Modelling Stock Price Volatility of Agro-Allied Companies in Nigeria – Sakiru O. Akinbode, Ismail O. Fasanya and Seun T. Falola
Empirical work on modelling stock price volatility in the agro-allied sub-sector of the Nigerian Stock Exchange is scarce despite the importance of agriculture to the Nigerian economy, the need to encourage investment in the sector and the importance of volatility patterns to investment decision. This study modelled conditional variances (volatility) of specific but well-known agro-allied companies in Nigeria using daily closing prices from 1st September, 2015 to 31st August, 2016. The study adopted both the symmetric and the asymmetric modifications of the Generalized Autoregressive Conditional Heteroscedasticity (GARCH) model to model the series’ volatilities. The results showed no evidence of leverage effects on stock prices except in the case of two firms and therefore based on the appropriate model selection criteria, the symmetric models appeared to be superior to the asymmetric models. It was concluded that investors needed to consider the nature and characteristics of stock price behaviour when taking investment decisions. In addition, policy makers should be careful not to make statements with potential to generate bad news for the capital market. The regulatory agencies should continue to strengthen measures to develop the capital market in order for it to be resilient and able to cope better with bad news when they occur. Finally, more research, based on a wide variety of alternative models is called for to produce more empirical evidence on volatility especially in the agro-allied sector of the Nigerian capital market.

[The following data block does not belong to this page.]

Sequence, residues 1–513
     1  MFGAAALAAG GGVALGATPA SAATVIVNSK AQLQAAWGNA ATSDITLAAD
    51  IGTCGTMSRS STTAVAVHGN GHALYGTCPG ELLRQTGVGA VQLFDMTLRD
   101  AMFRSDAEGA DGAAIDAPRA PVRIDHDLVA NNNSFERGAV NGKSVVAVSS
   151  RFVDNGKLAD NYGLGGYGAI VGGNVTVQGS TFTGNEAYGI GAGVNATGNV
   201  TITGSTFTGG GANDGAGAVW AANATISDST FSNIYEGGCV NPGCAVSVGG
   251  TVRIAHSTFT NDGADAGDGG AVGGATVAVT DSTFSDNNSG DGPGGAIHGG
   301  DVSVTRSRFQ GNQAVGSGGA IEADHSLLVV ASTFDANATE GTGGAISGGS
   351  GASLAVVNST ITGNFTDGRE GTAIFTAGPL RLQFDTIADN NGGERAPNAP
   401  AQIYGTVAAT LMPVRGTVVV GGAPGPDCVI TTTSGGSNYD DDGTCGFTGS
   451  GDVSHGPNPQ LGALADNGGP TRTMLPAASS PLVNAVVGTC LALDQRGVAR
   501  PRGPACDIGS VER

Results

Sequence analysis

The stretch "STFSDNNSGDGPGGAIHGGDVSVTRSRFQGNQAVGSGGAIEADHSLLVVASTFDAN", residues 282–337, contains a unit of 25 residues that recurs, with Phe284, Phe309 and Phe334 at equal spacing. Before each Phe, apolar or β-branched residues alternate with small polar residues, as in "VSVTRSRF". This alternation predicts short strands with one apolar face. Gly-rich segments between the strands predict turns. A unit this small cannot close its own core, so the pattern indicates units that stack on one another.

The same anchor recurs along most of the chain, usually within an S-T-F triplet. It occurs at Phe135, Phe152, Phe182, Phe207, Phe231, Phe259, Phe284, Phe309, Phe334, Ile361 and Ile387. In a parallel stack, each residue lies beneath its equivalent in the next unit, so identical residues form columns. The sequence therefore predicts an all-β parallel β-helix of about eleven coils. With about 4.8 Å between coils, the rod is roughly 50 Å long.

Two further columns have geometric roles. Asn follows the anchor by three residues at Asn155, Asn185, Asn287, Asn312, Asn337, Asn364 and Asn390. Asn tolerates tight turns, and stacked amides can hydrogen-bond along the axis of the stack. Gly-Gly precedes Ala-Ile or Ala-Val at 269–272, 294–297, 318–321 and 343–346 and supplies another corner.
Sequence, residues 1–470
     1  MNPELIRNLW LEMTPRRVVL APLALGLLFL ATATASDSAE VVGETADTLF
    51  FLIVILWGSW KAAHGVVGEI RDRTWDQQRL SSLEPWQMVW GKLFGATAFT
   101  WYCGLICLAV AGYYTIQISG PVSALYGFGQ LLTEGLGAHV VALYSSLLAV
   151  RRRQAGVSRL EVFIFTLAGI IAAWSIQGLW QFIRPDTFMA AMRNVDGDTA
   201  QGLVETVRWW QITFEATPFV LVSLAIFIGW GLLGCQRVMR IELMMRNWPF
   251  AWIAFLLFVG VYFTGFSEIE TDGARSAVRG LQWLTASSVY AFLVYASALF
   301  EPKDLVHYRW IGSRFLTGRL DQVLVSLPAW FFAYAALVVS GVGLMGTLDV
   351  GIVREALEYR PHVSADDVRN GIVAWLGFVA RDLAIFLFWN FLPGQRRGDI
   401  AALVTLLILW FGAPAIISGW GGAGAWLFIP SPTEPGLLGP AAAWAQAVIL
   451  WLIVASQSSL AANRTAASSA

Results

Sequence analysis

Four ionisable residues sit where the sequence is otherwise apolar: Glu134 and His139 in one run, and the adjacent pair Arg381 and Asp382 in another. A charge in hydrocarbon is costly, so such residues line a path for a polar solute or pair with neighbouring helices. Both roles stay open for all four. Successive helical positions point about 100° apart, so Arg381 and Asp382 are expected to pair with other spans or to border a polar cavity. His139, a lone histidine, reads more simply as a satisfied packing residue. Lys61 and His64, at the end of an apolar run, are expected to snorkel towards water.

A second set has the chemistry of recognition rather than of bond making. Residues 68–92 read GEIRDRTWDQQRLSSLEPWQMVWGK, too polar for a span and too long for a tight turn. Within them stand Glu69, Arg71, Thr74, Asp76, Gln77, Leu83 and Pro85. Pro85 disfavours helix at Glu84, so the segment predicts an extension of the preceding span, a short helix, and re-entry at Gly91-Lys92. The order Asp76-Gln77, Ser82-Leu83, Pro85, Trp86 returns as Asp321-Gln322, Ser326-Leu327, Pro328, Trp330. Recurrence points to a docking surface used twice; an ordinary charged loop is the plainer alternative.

Abdulaziz Shehu and Adamu Hassan Oil Price Shocks and Stock Market Performance in the Nigerian Economy: A Non Linear Ardl Analysis, 2008 – 2017- Sakiru O. Akinbode, Ismail O. Fasanya and Seun T. Falola
In the Nigerian economy using monthly time series data over the period January 2008 to May 2017. The short-run and long-run asymmetries were analysed using nonlinear autoregressive distributed lags (NARDL) framework. The empirical results suggest the presence of cointegration as well as asymmetric relations. Specifically, positive changes in oil price tend to have no significant effect on the Nigerian stock performance. This paper examines the asymmetric effect of oil price shocks on stock market performance. However, negative developments turned out to have positive and significant effect on stock performance in both the long and short runs. This implies the need for the regulatory agency to continue to strengthen its effort aimed at promoting the development of the capital market and making it better able to cope with external shocks such as adverse movements in crude oil prices. The current efforts of the SEC in spearheading the implementation of the capital market master plan are part of such measures. Fresh data when it is available is therefore required to enable newer research to gauge whether or not these efforts by the SEC are making the market more resilient to falls in crude oil prices on the world market.